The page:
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Hardening The Joomla Backend

If like me, you manage one or more Joomla websites, you will no doubt be aware of the sorry lack of user friendly documentation and the appalling lack of a powerful native log facility. This seems to me to be an enormous oversight on the part of the developers however it is possible with a little jiggery pokery to get the information you need. 

I noticed recently that there were enormous amounts (1500 per day) of failed login attempts at the default backend URL ( This is to be expected of any installation like this however one cannot help but feel uneasy at the incessant minute by minute brute force dictionary attacks rolling by in the log. If your passwords are secure then you'll almost certainly be fine. If your administrator username is anything but admin, you'll be even better. Still I wasn't satisfied and I decided to call in the big guns.

When it comes to defence against brute force attacks, few tools are better than Fail2ban. In the words of Wikipedia:

"Fail2Ban is an intrusion prevention software framework that protects computer servers from brute-force attacks. Written in the Python programming language, it is able to run on POSIX systems that have an interface to a packet-control system or firewall installed locally, for example, iptables or TCP Wrapper."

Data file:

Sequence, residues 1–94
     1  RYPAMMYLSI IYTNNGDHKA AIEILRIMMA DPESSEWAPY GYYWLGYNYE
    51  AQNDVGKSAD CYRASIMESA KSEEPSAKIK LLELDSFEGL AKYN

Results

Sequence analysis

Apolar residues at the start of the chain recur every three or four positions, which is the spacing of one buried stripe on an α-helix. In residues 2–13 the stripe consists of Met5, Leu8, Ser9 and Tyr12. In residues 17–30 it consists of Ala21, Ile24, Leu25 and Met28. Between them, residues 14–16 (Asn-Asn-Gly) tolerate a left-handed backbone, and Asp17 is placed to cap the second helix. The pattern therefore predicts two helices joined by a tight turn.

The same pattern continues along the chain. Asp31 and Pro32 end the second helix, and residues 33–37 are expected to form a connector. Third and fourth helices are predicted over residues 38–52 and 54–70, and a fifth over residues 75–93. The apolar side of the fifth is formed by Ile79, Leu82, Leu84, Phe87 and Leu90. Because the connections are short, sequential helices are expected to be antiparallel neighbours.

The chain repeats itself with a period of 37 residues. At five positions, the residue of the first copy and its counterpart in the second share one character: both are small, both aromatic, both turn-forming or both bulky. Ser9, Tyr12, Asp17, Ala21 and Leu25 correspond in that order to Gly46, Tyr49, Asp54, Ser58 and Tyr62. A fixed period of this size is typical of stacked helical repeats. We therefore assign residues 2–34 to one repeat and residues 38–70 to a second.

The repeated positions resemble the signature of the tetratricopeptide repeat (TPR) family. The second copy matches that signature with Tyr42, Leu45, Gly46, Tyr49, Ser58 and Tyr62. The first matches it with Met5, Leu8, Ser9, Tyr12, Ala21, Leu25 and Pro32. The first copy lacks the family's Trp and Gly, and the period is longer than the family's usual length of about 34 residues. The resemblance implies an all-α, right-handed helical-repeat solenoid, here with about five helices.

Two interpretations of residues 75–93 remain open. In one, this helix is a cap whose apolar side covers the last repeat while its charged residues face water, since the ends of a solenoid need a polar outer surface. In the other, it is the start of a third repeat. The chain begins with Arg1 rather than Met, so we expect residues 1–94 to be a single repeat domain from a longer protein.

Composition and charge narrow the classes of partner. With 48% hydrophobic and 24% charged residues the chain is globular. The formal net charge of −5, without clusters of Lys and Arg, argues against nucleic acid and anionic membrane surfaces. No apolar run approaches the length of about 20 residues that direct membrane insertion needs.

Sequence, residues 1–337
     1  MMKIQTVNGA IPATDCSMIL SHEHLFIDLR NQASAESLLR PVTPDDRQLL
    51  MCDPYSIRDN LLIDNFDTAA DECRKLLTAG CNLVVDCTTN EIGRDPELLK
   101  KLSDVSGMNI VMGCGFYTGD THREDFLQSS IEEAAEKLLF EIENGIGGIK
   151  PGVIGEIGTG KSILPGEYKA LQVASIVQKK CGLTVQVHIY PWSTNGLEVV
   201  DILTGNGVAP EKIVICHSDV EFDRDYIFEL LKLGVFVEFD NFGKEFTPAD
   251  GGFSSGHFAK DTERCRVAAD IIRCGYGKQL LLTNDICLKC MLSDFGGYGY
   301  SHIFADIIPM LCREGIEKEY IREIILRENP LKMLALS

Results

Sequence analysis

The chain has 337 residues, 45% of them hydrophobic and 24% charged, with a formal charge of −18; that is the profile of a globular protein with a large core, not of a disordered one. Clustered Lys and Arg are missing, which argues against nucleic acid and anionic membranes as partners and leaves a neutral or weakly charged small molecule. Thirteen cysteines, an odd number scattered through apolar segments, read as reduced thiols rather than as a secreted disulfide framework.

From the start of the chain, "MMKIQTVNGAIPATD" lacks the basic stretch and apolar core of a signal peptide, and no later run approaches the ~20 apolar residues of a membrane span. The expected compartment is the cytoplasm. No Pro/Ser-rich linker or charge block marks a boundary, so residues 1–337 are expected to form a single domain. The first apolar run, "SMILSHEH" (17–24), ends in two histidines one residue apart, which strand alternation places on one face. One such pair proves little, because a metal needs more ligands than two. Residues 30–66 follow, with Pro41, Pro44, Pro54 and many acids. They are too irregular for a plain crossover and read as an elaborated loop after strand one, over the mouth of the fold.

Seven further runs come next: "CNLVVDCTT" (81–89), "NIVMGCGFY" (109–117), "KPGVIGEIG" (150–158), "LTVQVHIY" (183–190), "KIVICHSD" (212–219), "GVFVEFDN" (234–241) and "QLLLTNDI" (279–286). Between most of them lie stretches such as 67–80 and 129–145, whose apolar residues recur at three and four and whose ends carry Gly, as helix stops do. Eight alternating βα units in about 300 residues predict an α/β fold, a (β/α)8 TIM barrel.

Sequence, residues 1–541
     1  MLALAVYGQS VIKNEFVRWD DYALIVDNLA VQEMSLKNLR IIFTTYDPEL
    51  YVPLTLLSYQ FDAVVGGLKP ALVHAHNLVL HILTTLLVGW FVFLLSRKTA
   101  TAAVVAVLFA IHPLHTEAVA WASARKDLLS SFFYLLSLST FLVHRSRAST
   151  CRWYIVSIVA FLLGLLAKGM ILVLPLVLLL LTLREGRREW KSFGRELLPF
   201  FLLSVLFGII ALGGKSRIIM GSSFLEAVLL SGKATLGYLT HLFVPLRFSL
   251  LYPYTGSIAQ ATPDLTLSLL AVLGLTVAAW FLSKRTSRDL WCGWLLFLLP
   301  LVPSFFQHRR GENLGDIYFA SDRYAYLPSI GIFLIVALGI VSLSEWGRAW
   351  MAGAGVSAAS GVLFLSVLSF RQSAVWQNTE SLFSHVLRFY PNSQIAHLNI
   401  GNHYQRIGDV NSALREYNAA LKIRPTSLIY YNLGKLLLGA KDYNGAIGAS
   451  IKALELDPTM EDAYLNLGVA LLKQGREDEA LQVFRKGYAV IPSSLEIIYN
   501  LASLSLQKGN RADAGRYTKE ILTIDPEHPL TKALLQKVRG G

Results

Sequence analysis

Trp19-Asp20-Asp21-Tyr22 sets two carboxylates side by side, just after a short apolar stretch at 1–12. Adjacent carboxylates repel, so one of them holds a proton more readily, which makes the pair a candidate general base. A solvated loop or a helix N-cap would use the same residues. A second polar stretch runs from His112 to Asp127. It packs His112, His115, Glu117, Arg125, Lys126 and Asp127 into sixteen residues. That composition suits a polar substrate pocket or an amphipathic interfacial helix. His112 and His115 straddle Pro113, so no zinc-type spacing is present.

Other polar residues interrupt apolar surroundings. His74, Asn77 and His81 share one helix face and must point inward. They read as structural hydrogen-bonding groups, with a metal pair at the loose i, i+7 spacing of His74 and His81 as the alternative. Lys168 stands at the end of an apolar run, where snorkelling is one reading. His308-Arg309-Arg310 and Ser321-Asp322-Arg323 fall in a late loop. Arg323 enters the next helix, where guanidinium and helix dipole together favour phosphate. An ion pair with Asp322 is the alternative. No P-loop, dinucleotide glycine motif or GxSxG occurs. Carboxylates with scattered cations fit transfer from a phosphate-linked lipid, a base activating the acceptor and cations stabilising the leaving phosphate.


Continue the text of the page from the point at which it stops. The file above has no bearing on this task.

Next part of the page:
It really is a great tool for defending against the legions of casual script kiddies. 

So, to work. I needed to configure F2B to ban anybody (any address) which appeared regularly in the log as having failed authentication. First I needed to find the logs.

It turns out that the logs are to be found at System > Global Configuration > System > Path to Log Folder. On my system this was in ~mysite/administrator/logs. Who knew! 

Armed with this information it was time to set up F2B. 

I already had F2B set up covering such things as sendmail and sshd so it was just a matter of adding support for a new service. I won't go into detail about setting up F2B from scratch as there are plenty of good guides out there covering that. 

It was the paucity of guides covering the addition of a service to F2B however which prompted me to write this post. There just doesn't seem to be one which is set out properly and logically so Ill do my best to cover it here.